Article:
San Francisco Ballet
New Works Festival, Program B
Saturday, April 26, 2008, 2PM
The city’s been abuzz with chatter surrounding San Francisco Ballet’s New Works Festival, a three-program, multi-week spectacle of new choreography created by some of ballet’s most loved and well regarded dance makers, and Helgi Tomasson, looking to knock everyone’s socks and slippers off, seems to have delivered. At least, if Program B is any indication, I should be walking barefoot through the city for months to come.
Due to some personal scheduling, I started the Festival out of order, yet my gut tells me this shouldn’t be a problem. Ideally, each program should be able to stand on its own, yet as a festival, they should complement each other, too. In addition, each program’s individual works should also balance one another, yet Saturday’s matinee didn’t quite achieve my own expectations. Part of that may have been my fault, as who knows what to expect from something titled “New Works Festival.” Similar to the new InterContinental Hotel down on Howard Street, you’ve got to see it to believe it. And so I did.
The evening’s winner was a tie: Mark Morris’ continuously leg-kicking “Joyride” worked my brain into overtime while James Kudelka’s “The Ruins Proclaim The Building Was Beautiful” forcefully sauntered forward. With eight dancers clad in Isaac Mizrahi’s metallic unitards, “Joyride” takes no prisoners. The work highlights kicks, sharp arabesques, and wonderfully executed in-sync pirouettes, just as John Adams’ score (with him conducted the orchestra on this sunny afternoon) punches along at breakneck speed. Sarah Van Patten and Gennadi Nedvigin, dressed in shiny gold, led the way, steering everyone down a pulsating path of skill and gusto. Young corps member Jennifer Stahl, swathed in gunmetal grey, showed amazing control, and Rory Hohenstein flowed through the ever-challenging movement with a sexy naturalness.
Kudelka’s “Ruins” explores the social undertones of humanity, and the San Francisco Ballet Orchestra, under the direction of David Briskin, brought Rodney Sharman’s score, based on pieces by composer César Franck, to life. The darkly lit corps of women, adorned in pink sliced-and-diced tutus and nests of wispy hair (potentially by Helena Bonham Carter but credited to James Searle), waltzed like rosy waves from corner to corner. Frances Chung and Elana Altman were first to face the well-coifed and finely dressed (if slightly creepy) threesome of Pierre-François Vilanoba, Aaron Orza, and Martyn Garside, and the women pushed and fought, but easily gave in to the support, direction, and control the men provided. Yuan Yuan Tan, as the more modern woman in red, proved a better opponent to Vilanoba, but again, she finally succumbed to the weight and demands required of her to survive. Kudelka choreographs in stunning tangents, spilling forward with expansive ideas, and “Ruins” proved both lovely and disturbing all at the time.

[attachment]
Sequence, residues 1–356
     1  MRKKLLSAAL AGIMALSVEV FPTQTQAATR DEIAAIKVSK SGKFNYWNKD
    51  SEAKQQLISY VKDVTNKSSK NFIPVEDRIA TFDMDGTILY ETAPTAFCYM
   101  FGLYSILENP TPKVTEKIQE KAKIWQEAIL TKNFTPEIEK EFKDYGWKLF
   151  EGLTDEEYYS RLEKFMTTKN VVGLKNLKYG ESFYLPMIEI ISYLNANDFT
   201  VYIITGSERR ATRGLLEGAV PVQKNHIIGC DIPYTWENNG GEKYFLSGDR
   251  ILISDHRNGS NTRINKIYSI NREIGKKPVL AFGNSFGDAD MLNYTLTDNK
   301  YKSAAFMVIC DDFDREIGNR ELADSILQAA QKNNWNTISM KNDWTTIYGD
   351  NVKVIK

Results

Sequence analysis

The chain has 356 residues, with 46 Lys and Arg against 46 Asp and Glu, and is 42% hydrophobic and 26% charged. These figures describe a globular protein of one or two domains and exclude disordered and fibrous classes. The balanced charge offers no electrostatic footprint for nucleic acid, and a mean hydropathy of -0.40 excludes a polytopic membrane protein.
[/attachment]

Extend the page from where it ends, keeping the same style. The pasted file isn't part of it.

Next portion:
Stanton Welch’s “Naked” showcased unimaginative yet structured choreography to music by Francis Poulenc. With the title, splash of neutrals across the back scrim, and peachy tutus and tunics, I expected raw expressive movement and something more telling than the basic leaps and turns. Still, the twenty-six minutes moved briskly, and the dancers brought their A-game, moving crisply across the stage. The two highlights of what “Naked” almost was were Kristin Long, who lit up the stage with her fresh spring in her jumps, and Frances Chung in her pas de deux with Brett Bauer with Chung dancing tenderly in Bauer’s arms. Why these two were not listed in the “principal” section of the casting sheet is beyond me…
Julia Adam’s “A rose by any other name” oddly set to Bach’s “Goldberg Variations,” sadly prompted me to recall “Angelo,” a static ballet I sat through more times than humanly necessary. With excessive posturing, gesturing, and two-dimensional walking about with arms up and down (I felt like I was examining Aztec codices or Egyptian hieroglyphs after the first few minutes), “Rose” drooped from the beginning. Yes, Adam changed the story up by having the fairies be men who then are recycled as the suitors/forest later on, and some of the ideas behind the fairy variations were cute (Bauer as Beauty always stared at himself via a mirror, even it was under his legs), but these tricks couldn’t save the ballet from wilting. Long appeared underused, but she was adorable nonetheless.
So with Program B complete (at least for me), I’ve seen it, and so far, I believe it. Sure, some of the choreography wasn’t to my taste, but I enjoyed seeing the company’s dancers in top form and on display for all to see. And to me, that's what matters most.
So two dancers walked into a barre...